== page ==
Hippocratic facies

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The Hippocratic facies (Latin: facies Hippocratica)[1] is the change produced in the face recognisable as a medical sign known as facies and prognostic of death. It may also be seen as due to long illness, excessive defecation, or excessive hunger, when it can be differentiated from the sign of impending death. (The term typhoid facies refers to the staring expression often seen in typhoid fever).

Typhoid facies

"[If the patient's facial] appearance may be described thus: the nose sharp, the eyes sunken, the temples fallen in, the ears cold and drawn in and their lobes distorted, the skin of the face hard, stretched and dry, and the colour of the face pale or dusky ... and if there is no improvement within [a prescribed period of time], it must be realized that this sign portends death."[2]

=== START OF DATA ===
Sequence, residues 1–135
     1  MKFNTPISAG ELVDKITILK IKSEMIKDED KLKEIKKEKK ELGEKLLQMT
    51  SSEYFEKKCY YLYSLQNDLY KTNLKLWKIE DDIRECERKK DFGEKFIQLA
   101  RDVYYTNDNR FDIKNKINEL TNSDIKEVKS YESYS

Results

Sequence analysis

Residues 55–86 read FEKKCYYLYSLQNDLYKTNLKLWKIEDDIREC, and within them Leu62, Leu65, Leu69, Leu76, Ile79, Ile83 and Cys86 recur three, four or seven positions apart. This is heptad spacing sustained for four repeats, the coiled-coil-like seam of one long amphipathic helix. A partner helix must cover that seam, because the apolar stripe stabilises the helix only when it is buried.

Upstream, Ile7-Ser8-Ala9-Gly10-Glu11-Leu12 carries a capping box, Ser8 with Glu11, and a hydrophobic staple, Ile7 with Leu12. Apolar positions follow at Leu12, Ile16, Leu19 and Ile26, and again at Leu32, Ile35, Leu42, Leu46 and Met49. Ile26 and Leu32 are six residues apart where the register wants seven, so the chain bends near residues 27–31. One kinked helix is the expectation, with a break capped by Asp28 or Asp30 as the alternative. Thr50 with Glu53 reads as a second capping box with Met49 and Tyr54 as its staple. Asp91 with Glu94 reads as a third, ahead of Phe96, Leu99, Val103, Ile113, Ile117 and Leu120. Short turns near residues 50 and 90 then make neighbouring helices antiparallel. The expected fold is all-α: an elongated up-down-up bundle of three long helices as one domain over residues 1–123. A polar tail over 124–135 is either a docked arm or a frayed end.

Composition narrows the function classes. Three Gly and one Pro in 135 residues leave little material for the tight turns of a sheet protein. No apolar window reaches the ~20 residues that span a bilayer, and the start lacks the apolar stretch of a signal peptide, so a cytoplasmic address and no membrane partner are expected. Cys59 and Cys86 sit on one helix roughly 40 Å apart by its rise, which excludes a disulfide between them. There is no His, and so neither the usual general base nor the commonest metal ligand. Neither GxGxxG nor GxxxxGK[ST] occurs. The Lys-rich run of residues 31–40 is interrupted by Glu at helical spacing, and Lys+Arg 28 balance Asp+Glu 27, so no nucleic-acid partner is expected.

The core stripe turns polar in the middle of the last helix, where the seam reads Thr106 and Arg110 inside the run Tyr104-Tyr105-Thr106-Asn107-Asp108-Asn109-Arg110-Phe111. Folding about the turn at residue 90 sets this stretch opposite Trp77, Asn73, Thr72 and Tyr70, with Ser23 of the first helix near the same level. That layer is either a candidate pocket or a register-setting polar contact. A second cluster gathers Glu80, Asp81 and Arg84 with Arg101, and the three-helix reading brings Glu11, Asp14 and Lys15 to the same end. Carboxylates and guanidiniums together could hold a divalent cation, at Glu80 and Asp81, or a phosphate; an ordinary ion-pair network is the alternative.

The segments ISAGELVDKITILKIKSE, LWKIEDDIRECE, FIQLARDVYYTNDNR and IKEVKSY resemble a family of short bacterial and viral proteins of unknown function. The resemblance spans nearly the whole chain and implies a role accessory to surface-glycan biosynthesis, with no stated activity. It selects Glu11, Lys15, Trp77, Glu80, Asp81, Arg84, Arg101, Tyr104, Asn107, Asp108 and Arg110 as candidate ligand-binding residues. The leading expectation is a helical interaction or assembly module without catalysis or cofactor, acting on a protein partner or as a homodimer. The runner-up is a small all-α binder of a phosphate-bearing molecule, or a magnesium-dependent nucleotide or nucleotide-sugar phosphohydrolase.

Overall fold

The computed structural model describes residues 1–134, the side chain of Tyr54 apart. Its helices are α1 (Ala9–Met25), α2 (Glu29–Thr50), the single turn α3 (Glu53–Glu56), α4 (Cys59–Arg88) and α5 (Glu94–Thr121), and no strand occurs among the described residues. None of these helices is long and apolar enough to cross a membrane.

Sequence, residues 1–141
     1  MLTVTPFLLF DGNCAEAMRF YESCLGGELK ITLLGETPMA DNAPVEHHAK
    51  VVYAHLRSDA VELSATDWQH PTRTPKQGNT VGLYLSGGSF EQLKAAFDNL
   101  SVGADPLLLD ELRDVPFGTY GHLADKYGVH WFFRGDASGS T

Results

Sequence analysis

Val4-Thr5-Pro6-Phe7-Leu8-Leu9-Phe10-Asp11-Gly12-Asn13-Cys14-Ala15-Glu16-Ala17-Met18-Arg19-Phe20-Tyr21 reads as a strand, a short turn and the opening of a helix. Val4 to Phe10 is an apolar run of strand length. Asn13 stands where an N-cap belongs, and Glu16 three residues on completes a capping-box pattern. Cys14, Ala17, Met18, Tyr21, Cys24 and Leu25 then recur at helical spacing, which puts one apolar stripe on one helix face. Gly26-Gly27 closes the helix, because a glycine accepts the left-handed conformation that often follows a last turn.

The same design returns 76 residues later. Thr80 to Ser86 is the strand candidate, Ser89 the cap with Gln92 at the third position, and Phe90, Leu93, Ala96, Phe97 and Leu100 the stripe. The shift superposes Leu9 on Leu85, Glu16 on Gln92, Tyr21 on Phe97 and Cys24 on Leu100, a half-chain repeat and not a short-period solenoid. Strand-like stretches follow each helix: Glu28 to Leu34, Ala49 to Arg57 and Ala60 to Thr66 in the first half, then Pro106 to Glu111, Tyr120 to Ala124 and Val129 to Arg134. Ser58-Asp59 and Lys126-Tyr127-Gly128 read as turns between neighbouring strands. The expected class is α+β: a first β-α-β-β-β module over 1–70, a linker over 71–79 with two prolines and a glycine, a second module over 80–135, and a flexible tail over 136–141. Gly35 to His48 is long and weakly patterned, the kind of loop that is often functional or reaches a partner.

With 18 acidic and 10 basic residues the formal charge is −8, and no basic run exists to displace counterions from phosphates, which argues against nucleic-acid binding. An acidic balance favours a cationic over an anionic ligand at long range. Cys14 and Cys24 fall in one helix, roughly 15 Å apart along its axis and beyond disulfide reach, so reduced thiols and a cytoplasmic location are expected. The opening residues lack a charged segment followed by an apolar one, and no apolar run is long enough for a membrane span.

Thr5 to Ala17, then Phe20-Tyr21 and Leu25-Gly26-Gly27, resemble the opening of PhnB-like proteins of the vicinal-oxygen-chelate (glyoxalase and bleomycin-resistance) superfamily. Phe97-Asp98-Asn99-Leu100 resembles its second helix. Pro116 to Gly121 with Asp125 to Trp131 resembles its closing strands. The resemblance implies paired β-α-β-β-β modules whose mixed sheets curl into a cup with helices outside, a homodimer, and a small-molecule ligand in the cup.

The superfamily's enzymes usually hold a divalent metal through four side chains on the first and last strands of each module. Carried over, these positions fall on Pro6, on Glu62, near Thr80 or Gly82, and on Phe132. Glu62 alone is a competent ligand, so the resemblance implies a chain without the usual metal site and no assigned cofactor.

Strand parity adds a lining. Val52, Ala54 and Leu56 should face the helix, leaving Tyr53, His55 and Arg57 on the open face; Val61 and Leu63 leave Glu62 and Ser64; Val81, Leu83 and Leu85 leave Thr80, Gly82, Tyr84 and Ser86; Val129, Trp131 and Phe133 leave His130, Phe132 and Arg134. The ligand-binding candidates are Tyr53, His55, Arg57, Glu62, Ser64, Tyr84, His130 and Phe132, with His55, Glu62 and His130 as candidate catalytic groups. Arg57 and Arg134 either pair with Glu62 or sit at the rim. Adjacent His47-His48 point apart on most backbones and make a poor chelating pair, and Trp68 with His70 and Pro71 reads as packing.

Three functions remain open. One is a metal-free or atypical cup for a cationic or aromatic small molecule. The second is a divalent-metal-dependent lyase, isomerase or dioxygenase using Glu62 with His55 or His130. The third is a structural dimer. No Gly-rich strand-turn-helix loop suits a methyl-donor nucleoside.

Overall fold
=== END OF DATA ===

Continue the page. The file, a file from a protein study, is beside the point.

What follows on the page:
The Hippocratic facies is named after Hippocrates, who first described it.

A related term is cachexia, which is the bodily wasting syndrome often associated with death.

ReferencesEdit

  1. ^ "Medical Definition of HIPPOCRATIC FACIES". www.merriam-webster.com.
  2. ^ Chadwick, J. & Mann, W.N.(trans.) (1978). Hippocratic writings. Harmondsworth, UK: Penguin. pp. 170–171. ISBN 0-14-044451-3.{{cite book}}: CS1 maint: multiple names: authors list (link)